Link | Posted on Apr 13, 2017 at 10:11 UTC
In reply to:

Marty4650: Before the hysteria sets in.... look at the facts:

300 prople a year die falling off a ladder
500 people a year die while walking on train tracks
1,000 people a year die falling down stairs
5,000 people a year drown in swimming pools or swimming at the beach
5,000 pedestrians a year are killed by motor vehicles
34,000 people die each year while driving or riding in motor vehicles

Sure looks like we should be outraged about people taking photos at the beach, at swimming pools, of highway traffic, of people crossing streets, or of people using ladders.

It is sad that we need to have group outrage over every dangerous thing that can happen in life. And lets make sure we don't photograph these things, because it might encourage more risk taking.

It merits mention because it is the only kind of death that photographers can prevent. And it really is a dumb way to die.

Link | Posted on Apr 13, 2017 at 02:01 UTC

With the camera way off on the side like that it looks kind of tippy

Link | Posted on Apr 12, 2017 at 21:13 UTC as 5th comment | 1 reply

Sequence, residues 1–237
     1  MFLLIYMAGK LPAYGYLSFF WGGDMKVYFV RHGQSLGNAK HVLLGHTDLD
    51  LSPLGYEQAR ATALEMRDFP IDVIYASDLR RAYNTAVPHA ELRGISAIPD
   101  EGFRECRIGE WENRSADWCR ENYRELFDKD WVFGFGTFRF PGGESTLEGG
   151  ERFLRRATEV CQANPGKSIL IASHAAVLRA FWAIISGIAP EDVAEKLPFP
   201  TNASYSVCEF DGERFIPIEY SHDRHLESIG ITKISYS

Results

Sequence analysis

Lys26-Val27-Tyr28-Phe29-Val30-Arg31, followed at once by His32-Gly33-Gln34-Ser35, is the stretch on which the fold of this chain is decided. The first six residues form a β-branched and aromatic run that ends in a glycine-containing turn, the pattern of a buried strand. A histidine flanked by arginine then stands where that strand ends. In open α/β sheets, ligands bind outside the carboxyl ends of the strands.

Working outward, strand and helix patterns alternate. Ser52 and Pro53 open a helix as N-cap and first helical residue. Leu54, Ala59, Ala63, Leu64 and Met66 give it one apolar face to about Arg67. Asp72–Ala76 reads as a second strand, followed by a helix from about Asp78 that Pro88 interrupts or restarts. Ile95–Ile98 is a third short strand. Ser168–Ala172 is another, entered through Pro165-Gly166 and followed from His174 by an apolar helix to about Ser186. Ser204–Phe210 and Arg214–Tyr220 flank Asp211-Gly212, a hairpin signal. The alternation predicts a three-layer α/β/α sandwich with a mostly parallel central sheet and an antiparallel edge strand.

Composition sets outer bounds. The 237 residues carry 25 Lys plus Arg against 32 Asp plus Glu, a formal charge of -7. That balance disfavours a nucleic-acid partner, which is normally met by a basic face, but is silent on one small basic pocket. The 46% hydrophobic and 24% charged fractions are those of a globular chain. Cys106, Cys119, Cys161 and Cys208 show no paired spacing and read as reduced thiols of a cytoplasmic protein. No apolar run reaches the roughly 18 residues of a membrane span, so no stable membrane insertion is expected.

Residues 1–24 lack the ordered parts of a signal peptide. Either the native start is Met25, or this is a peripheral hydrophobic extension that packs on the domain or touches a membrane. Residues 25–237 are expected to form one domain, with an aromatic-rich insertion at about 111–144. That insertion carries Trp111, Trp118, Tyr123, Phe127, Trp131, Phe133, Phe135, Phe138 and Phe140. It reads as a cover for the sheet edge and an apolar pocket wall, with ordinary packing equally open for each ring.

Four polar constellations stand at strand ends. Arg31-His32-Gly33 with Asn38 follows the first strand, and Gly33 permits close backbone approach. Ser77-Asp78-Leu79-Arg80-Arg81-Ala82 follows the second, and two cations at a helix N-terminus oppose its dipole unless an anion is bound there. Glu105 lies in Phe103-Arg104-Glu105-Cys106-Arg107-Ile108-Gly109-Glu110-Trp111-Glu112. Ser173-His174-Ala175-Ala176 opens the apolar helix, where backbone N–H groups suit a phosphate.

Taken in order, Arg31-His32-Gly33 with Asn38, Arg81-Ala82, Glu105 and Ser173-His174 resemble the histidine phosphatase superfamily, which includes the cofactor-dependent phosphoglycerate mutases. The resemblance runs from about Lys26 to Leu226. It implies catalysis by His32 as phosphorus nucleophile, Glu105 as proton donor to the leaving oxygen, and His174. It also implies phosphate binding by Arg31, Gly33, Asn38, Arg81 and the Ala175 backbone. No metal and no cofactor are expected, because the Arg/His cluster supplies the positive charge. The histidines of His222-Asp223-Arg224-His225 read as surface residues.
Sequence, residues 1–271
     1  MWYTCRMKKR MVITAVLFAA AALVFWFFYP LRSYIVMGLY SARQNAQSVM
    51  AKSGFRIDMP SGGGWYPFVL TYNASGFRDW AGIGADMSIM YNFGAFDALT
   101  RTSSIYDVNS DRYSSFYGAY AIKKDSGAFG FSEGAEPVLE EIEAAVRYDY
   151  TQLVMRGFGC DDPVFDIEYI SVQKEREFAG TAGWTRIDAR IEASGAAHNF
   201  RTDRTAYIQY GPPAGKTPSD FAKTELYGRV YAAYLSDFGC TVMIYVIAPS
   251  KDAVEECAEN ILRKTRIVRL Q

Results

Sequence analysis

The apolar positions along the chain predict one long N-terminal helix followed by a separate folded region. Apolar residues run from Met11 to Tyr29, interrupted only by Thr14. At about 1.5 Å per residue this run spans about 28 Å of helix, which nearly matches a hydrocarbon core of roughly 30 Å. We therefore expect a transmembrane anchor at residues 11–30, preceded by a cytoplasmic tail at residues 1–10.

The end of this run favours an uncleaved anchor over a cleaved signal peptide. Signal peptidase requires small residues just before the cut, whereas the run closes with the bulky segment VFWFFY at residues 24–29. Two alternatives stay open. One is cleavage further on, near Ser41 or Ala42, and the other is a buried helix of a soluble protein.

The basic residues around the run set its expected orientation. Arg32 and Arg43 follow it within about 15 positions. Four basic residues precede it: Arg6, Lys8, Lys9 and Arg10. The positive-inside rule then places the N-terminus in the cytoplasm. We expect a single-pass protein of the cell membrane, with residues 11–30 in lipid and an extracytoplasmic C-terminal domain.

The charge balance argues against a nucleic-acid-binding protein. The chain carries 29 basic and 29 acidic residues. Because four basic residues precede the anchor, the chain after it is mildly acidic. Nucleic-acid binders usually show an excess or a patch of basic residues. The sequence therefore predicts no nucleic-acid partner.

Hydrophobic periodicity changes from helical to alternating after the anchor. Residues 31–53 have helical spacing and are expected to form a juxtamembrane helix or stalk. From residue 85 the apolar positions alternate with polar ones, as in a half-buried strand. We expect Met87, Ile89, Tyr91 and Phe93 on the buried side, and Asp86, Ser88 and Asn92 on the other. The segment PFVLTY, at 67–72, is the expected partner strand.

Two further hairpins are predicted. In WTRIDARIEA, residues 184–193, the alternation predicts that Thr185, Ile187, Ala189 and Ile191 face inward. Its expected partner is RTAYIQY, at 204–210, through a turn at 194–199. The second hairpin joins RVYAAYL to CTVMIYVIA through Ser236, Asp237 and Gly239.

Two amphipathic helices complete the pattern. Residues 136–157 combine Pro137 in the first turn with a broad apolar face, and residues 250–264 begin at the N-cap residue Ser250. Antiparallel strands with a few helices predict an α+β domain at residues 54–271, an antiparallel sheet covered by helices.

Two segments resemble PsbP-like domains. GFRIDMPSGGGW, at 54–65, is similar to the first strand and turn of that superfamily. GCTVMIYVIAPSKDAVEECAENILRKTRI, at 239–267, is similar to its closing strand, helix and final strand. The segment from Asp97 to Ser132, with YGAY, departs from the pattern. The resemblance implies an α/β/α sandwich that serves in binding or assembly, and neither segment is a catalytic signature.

On article Sigma sd Quattro H real world samples gallery (108 comments in total)
In reply to:

tom43: If you want to get most realistic colors, go for slide film. All these digital sensors have still not reached the color depth of a Provia or Velvia.

Have you shot 35mm slide film with the ultra sharp lenses of today or are you still using film era lenses? I'm curious if film can keep up with contemporary lenses.

Link | Posted on Apr 11, 2017 at 01:17 UTC
In reply to:

Jim Evidon: I am not surprised at the apparent low sales. What use is a 360 degree camera aside from use as a security camera or a novelty for someone who already bought all the latest other gadgets? All 360 degree images, especially the video ones are rather disorienting to view. Believe me, I'm not trolling. I just don't see a general application that would generate this a a successful sales item.

May not be art yet but 360 vid is becoming a staple of news. Check out the 360 at NYT.com.

Link | Posted on Apr 11, 2017 at 00:42 UTC
Total: 905, showing: 1 – 20
« First‹ Previous12345Next ›Last »